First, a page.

Established in 1901, the Chicago White Sox made their debut in the American League just one year after arriving in Chi-town. The Sox are considered to be one of Major League Baseball’s oldest teams; they are also apart of the original eight franchises in the league.
Since their inception into the league, the Sox have found a place to call home in a total of three different stadiums residing in the South Side of Chicago. A few blocks south of the current Comiskey Park lies 39th street and Princeton – the team’s initial playing grounds. Charles Comiskey, team manager, built a wooden grandstand allowing a capacity of 7,500 to root for the Sox at home. A decade later, the “Baseball Palace of the World” would serve as the team’s new stomping grounds, and would do so for the next eighty years. Fast-forward to present day and the Sox currently reside in U.S. Cellular Park – built across from the old Comiskey Park, and features over forty thousand unobstructed-view seats.
Up until the current season, the Sox have brought home the Commissioner’s Trophy a total of three times. The first championship was won in 1906 – defeating their crosstown rivals, the National League’s Chicago Cubs. The two subsequent victories were achieved during their 1917 and 2005 seasons. The team celebrated the 1917 championship by introducing an intricate new logo that would reign as the team’s emblem for the following thirteen years.
Read on to see how the White Sox have transformed their logo throughout their journey in the MLB.
Notable Logo Changes
Entering the Major League in 1901– the Chicago White Sox have transitioned through many primary logos. The Sox utilized three different versions of their classic logo that features the letters “O” and “X” entangled in a large “S” – serving as the focal point for the piece. The team’s current primary colors are black, white and silver – versions of their logo have been seen utilizing a red, white and blue colorway over the years.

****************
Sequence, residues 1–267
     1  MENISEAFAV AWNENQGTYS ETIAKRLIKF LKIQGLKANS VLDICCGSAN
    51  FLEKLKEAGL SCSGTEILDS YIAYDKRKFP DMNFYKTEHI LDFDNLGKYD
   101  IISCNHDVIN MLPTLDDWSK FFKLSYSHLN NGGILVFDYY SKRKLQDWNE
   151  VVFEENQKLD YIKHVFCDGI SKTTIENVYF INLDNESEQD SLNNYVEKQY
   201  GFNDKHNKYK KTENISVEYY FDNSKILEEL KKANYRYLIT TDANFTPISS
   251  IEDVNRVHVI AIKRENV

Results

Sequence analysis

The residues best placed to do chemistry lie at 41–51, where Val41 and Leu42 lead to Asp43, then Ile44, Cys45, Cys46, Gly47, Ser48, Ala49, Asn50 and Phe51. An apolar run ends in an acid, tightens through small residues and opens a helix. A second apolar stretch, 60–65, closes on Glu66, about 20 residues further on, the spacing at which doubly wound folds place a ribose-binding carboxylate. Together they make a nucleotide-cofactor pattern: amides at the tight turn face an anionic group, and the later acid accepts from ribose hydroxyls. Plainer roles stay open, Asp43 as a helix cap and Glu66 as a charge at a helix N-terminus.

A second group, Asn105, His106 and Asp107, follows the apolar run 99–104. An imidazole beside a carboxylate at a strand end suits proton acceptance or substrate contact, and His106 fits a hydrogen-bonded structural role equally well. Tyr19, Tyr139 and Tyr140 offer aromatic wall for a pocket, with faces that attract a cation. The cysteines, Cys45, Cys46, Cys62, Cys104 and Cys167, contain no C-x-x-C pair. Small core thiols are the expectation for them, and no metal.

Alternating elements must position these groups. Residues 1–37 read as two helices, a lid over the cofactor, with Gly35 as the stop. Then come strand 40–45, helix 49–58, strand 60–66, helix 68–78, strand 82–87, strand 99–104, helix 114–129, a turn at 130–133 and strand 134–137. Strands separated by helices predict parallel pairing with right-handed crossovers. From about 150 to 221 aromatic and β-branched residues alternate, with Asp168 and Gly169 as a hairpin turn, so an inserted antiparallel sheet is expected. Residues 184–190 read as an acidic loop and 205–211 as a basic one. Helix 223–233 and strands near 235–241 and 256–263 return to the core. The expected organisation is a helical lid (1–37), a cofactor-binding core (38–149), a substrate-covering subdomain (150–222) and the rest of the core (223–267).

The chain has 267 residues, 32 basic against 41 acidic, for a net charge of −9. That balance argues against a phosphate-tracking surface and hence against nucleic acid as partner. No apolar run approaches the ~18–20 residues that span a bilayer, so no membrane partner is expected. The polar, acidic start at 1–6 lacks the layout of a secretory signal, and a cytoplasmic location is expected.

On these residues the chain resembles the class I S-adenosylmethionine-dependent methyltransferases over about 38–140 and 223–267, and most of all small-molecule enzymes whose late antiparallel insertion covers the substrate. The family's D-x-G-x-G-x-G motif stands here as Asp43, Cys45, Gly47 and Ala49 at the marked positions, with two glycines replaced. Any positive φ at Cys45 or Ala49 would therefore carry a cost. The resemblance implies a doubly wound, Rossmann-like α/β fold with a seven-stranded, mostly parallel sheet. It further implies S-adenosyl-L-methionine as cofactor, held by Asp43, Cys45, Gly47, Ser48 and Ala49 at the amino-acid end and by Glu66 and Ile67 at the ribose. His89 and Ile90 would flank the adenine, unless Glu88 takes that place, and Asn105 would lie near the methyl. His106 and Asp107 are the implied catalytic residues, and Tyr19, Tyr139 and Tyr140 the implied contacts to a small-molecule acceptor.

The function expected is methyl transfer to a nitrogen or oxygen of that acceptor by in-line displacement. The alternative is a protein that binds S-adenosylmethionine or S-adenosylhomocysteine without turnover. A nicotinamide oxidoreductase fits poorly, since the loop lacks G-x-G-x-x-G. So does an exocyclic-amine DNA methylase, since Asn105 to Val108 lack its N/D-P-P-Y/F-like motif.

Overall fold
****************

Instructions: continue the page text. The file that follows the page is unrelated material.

For their inaugural logo, Chicago uses a simple red block-style “C.”
Modifications are made to the font of the “C” – deviating from their original logo. The color changes to a navy blue.
The color remains the same, but the “C” becomes elongated. A triangle shape protrudes from the center of the letter.
Changes are made to the bottom of the letter – making the edge round. The design now features an open diamond in the center of the “C.”
Reverting back to an earlier font style, the “C” shortens in length – becoming more wide.
Similar to the previous years fonts, the triangles make their return on the center of the letter.
The team removes the triangles, but maintains the navy blue color used for the past several seasons. This is the last time the team makes use of a simple “C” for their logo.
For the first time since their inception into the league, Chicago’s logo undergoes major changes. Ditching the “C” logo, the team features the word “Sox.” The “S” serves as the the focal point with “O” and “X” tangled within.
Maintaining their new logo, the team modifies the font to become thinner. Slight changes are made to the “S.”
To celebrate the team’s world championship – the Sox opt for an intricate logo. A white sock is placed over a blue and gold globe with an eagle perched at the top and two bats crossed at the bottom. The words “Worlds Champions” appear around the globe, and the entire image sits on a patriotic-themed badge.
The team abandons their intricate logo, and reverts back to the word “Sox.” This logo comes in a red format with the letters sloping diagonally over a yellow bat. A minimalist-styled baseball sits inside the letter “O.”
The Sox revisit an earlier logo, featuring the letter “S” with an “O” and “X” entangled within.
To switch things up a bit – the team uses a cartoon boy holding a bat over his shoulder that hosts the team name on it. An outline of a red baseball is utilized as the background.
The team sticks with the cartoon theme, and features a winged-white sock outlined in blue as their new logo. The city name appears in red, and is placed over the flying sock.
The Sox offer a simplistic logo – placing a transparent baseball player over the outline of a sock centered in a red bubble.
Displaying loyalty to their red, white and blue colorway – a new cartoon baseball player is depicted on top of the team’s name.
Sticking to their guns, the team maintains the same logo as the previous year and changes the shade of blue for the 1982 season.
A slight modification is made once again to the shade of blue – opting for a darker hue for the 1987 season.
The team goes for a classic design by featuring “Sox” calligraphed in black on a slant with white and silver outlines.
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